Chovanec wrote that technological revolution is eliminating those jobs that require routine menial physical labour.

    I think even the creative thinking jobs are being eliminated as well. We can blame bloody Google for that. This fascinating book explains how

    The Google Trap: How Internet Aggregators Enrich the 1%, Impoverish Creative People and Threaten to Decimate the Middle-Class
    http://www.amazon.com/dp/B00HNTLKMS/

    Very soon, we wouldn’t have a middle-class anymore. Sigh!

    • davel says:

      Yes, but Id see it slightly differently – its just the effect of “Internet scale”, which means in any given field there are likely to be far fewer winners globally than before. Amazon itself being a great example.

      The point is, to make a living out of something in the Internet age, you need to be ridiculously good at it. In addition, winning companies need far far less employees.

      The result of this is pretty obvious – much much less of a living to be made by many whilst a few become billionnaires.

      We’ve got some issues to sort out, we need a new Internet-type thing, in fact we need a few hundred :-)

      • LeoBob says:

        I think it is not enough to be ridiculously good nowadays. This book made a very interesting point that the Internet today is no longer a meritocracy. The best don’t rise up to the top nowadays.

  7. Jeff Keegan says:

    from the link:

    “Assuming China can avoid mass capital flight, however, it can draw on its $3.7 trillion in foreign exchange reserves to cushion the blow by sustaining consumption levels.”

    Is this correct Leith? I think I remember Pettis arguing that China’s foreign exchange reserves could not be used in this way.

  8. aj. says:

    The mistake I’ve made in the cycle so far was to assume this lack of demand would manifest as deflation the central banks might not be able to outrun.

    We have seen currencies devalued beyond what was ever thought reasonable, we’ve seen bail-ins, euro-pegs, negative rates, QE and the game has only just begun.

    There is no trust in governments maintaining any of the elements of a currency as a store of value.

    Demand may be low and things may be deflationary, but that will have little impact on asset values, other than a shock period that can be arbitraged before fiat deflation continues apace.

    • Andrew1234 says:

      Agree AJ – I have made that mistake too…though you have to remember that the demographic cliff is only two-three years old in Australia and China peaks about here…

      And what has that created here…the lowest interest rates in a generation AND rising unemployment.

      So there is still alot of water to go under the bridge yet…and I think we may have a hard time pulling out of deflation as China goes, and I can’t see how China is going to get themselves out of it with the sort of demographic situation they face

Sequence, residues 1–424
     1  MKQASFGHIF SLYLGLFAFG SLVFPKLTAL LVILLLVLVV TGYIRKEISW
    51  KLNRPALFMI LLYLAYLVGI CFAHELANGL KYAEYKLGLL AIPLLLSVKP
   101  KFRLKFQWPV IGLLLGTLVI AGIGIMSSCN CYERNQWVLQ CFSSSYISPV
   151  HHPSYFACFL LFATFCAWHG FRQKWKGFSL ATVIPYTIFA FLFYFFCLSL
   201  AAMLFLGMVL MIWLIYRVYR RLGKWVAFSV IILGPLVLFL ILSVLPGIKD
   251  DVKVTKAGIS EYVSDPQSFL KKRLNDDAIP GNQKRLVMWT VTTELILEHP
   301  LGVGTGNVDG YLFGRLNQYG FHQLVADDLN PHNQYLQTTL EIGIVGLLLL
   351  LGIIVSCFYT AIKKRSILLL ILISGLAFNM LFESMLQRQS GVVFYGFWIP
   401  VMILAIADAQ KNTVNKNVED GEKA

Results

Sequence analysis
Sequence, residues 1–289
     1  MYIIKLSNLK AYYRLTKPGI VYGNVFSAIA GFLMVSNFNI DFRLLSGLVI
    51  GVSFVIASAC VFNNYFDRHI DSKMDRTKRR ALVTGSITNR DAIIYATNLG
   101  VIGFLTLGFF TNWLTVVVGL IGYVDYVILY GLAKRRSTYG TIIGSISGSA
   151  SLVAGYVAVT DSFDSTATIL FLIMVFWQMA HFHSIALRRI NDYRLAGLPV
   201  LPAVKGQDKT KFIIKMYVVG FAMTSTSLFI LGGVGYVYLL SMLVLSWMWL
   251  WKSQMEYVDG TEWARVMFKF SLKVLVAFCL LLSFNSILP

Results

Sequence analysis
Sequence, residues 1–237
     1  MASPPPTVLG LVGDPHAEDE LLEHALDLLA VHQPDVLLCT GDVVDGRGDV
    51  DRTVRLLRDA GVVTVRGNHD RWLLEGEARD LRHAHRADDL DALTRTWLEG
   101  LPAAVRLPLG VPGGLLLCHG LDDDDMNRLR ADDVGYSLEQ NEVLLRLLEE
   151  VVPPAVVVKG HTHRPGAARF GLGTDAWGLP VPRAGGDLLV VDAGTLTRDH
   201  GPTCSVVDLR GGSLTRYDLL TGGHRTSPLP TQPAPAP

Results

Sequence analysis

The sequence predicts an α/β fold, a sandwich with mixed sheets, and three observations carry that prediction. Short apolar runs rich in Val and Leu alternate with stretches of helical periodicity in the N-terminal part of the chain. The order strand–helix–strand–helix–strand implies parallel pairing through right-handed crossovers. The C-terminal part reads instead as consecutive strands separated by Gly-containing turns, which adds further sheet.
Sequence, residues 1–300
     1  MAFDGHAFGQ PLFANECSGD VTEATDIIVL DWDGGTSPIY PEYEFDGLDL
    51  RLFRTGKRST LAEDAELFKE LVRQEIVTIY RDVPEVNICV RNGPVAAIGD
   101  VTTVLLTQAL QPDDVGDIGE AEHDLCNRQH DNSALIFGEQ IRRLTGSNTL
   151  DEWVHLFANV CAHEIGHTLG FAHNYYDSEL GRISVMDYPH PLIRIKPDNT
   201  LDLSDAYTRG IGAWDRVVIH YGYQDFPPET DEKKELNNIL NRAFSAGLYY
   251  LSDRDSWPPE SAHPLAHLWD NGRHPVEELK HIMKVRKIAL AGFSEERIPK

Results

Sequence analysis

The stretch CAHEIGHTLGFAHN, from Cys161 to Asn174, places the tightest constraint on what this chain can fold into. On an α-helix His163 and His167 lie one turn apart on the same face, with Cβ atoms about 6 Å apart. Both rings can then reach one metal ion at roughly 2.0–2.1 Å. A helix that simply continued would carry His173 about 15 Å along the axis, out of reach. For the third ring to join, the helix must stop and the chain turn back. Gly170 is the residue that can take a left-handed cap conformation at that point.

9. Andrew1234 says:

    Though our dollar dropping will create imported inflation as well so I guess perhaps more in and out of deflation

    Guess we have to see, but this ain’t the time to be levering into growth assets IMO – that was April 2009

  10. tonydd says:

    I have no reason to change my long held opinion that we will have both (we have it already) inflation and deflation at the precise same time but in different areas of the economy.
    The way its shaping up, wages may adjust and be competitive in a very short time. However the pain will be extreme for those at the bottom of the heap…. as it is always.

    • Andrew1234 says:

      Agree Tony totally…

      Though in that I think it is likely that we cycle in and out of out right deflation for years as credit is extinguished and then stimulus kicks in to give a bout of inflation again (we are really in a the up cycle at the moment)

      What is likely is that once the RBA and Government starts to run out of bullets, the up cycles will get shorter and more anemic

      If you look at the recent property “boom” and consider the state of interest rates and what things would be like if rates were “normal” you can see what is likely to transpire

      It is going to be one heck of a rocky ride ahead with potential opportunities but I do feel sorry for the many who simply don’t understand it as many innocent prudent people will be hit severely and I agree the people on the bottom and those who gorge on cheap credit are likely to be first in line

      • Lori says:

        I think we all have to study finance and in this way everyone would be able to understand what is going on. I only wonder who would work as a teacher, a doctor, a farmer etc….. maybe the Chinese???

  11. meltfund says:

    Ah yes, perfect exposition of the classic “Overproduction/Underproduction” fallacy:

    http://www.cooperativeindividualism.org/george-henry_over-production-1883.html

    “Is there, then, such a thing as overproduction? Manifestly, there cannot be, in any general sense, until more wealth is produced than is wanted.”

    Very funny how this one keeps springing up despite infiinte evidence small children can understand with great ease.

    Like we say – avoid the experts and avoid misadventure. They are paid highly to keep you blind.